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Neuroepidemiology. 2012;39(2):73-83. doi: 10.1159/000339365. Epub 2012 Jul 17.

A random change point model for cognitive decline in Alzheimer's disease and mild cognitive impairment.

Author information

1
Rush Alzheimer's Disease Center, Rush University Medical Center, Chicago, IL 60612, USA. lei_yu @ rush.edu

Abstract

BACKGROUND:

We present a random change point model to characterize decline in cognition among community-based elderly who developed Alzheimer's disease (AD) or amnestic mild cognitive impairment (MCI), and to examine how decline varies with age, sex, education, and APOE status.

METHODS:

Using longitudinal cohort data on cognitive function, we fit a piecewise linear trajectory with a random change point that allows different rates of cognitive decline before and after the change point. We estimated the change point that signals the onset of cognitive impairment, and examined the association of risk factors with the location of the change point as well as the rates of decline before and after the change point.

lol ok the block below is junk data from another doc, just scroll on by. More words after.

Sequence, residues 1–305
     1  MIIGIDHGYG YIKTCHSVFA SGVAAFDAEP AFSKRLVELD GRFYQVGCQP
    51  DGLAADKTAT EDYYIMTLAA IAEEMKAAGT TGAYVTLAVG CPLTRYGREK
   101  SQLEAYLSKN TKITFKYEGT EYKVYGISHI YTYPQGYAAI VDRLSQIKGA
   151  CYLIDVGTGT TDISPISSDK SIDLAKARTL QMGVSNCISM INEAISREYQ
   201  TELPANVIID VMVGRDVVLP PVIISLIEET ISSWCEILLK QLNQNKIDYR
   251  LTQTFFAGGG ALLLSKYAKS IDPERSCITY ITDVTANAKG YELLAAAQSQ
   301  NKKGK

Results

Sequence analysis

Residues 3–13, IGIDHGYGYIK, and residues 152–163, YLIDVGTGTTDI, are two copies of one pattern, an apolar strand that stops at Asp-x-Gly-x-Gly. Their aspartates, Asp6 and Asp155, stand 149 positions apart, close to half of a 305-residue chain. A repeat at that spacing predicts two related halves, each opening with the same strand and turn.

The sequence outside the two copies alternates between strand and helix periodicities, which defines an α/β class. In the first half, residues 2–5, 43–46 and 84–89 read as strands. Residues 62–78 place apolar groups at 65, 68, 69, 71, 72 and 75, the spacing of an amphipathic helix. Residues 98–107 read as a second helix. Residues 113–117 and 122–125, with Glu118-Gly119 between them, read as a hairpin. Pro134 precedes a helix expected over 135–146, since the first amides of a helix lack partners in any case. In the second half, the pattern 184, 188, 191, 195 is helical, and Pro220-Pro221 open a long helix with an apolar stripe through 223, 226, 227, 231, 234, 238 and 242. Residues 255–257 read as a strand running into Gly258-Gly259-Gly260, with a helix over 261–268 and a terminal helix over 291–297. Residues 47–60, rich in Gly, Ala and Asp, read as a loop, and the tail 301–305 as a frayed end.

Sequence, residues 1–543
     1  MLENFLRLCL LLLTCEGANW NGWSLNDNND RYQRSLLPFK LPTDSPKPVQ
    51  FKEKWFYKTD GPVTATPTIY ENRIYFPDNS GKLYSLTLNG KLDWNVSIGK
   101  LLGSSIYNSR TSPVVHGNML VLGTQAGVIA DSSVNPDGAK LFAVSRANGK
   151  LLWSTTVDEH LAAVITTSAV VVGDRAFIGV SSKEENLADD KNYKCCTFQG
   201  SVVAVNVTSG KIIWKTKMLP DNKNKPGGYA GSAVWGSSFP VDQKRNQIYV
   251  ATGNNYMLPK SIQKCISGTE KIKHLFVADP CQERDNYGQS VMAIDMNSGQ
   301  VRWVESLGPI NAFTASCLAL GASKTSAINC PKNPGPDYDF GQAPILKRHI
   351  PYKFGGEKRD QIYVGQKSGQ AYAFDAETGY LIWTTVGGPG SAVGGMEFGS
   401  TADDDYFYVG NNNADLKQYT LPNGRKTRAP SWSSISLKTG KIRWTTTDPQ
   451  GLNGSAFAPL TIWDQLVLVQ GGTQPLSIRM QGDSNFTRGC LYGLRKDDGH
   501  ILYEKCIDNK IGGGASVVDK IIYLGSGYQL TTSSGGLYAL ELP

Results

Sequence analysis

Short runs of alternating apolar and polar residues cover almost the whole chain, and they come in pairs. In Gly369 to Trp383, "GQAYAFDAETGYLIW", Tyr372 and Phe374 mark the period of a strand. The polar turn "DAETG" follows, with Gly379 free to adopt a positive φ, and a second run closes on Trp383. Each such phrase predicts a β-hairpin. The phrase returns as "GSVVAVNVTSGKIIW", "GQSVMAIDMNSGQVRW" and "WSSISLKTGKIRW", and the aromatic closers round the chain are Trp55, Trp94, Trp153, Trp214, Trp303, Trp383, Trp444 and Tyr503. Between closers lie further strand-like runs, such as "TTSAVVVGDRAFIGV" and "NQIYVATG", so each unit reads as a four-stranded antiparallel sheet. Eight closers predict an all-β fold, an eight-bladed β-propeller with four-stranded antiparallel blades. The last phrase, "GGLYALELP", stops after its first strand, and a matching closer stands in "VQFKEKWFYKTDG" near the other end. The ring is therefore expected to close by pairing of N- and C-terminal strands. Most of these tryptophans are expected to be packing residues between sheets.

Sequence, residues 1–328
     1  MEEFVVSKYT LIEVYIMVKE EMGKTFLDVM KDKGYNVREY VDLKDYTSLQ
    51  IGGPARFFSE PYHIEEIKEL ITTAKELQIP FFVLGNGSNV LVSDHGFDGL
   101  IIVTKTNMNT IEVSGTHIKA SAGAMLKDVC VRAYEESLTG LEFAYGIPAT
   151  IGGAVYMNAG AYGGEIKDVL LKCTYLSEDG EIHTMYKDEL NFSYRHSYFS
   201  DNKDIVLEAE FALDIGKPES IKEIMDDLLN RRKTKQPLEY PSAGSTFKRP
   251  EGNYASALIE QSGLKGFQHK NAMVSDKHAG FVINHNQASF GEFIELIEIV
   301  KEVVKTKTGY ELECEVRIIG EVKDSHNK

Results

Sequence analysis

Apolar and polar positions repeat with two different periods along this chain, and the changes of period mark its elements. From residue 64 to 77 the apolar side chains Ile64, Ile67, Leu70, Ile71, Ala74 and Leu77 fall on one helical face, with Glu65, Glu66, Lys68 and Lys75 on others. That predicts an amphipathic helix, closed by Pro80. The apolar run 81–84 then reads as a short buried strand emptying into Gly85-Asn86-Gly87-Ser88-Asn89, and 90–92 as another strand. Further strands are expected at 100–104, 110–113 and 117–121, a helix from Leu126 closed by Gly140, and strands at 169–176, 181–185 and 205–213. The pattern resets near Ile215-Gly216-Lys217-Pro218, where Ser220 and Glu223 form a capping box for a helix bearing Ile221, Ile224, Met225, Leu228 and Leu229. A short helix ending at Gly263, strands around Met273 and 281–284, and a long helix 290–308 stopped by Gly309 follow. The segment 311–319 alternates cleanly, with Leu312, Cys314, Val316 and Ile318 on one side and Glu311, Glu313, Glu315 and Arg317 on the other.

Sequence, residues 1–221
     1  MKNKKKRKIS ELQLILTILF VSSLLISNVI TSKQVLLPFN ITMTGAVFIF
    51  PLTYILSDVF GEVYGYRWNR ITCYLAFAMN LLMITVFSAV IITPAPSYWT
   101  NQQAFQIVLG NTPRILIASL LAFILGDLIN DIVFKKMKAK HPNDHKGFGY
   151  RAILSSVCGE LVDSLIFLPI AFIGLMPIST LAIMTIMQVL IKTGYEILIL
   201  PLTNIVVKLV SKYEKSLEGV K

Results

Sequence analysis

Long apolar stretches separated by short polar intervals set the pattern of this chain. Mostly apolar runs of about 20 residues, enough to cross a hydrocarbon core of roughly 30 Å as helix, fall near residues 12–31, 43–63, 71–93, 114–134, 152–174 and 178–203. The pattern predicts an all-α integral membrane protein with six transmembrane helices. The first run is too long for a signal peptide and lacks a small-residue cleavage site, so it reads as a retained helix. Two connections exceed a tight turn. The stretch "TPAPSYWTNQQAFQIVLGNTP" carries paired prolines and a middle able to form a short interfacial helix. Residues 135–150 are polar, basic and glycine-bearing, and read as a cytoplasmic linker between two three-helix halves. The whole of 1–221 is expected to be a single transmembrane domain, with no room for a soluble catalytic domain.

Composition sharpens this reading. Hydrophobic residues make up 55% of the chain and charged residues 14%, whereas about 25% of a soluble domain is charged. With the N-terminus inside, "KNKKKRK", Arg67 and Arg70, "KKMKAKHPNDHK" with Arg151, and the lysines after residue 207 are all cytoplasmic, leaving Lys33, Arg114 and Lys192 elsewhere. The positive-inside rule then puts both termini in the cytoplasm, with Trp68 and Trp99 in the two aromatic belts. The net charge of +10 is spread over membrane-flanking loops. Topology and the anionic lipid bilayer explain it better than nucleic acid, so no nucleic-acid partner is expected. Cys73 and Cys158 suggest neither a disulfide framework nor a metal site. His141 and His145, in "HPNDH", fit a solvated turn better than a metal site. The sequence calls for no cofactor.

RESULTS:

Among participants who were dementia free at enrollment and developed incident AD, the change point occurred on average 5.7 years after enrollment and the rate of cognitive decline after the change point nearly quadrupled. Age, education, and APOE status play important but different roles in the timing of the onset of cognitive impairment and in the rates of decline before and after its onset. Results were similar among participants who were cognitively unimpaired at enrollment but later developed amnestic MCI or AD.

CONCLUSIONS:

The random change point model provides a more comprehensive understanding of the relation of risk factors with the onset of cognitive impairment and rates of decline before and after its onset.

PMID:
22814083
PMCID:
PMC3484884
DOI:
10.1159/000339365
[Indexed for MEDLINE]
Free PMC Article

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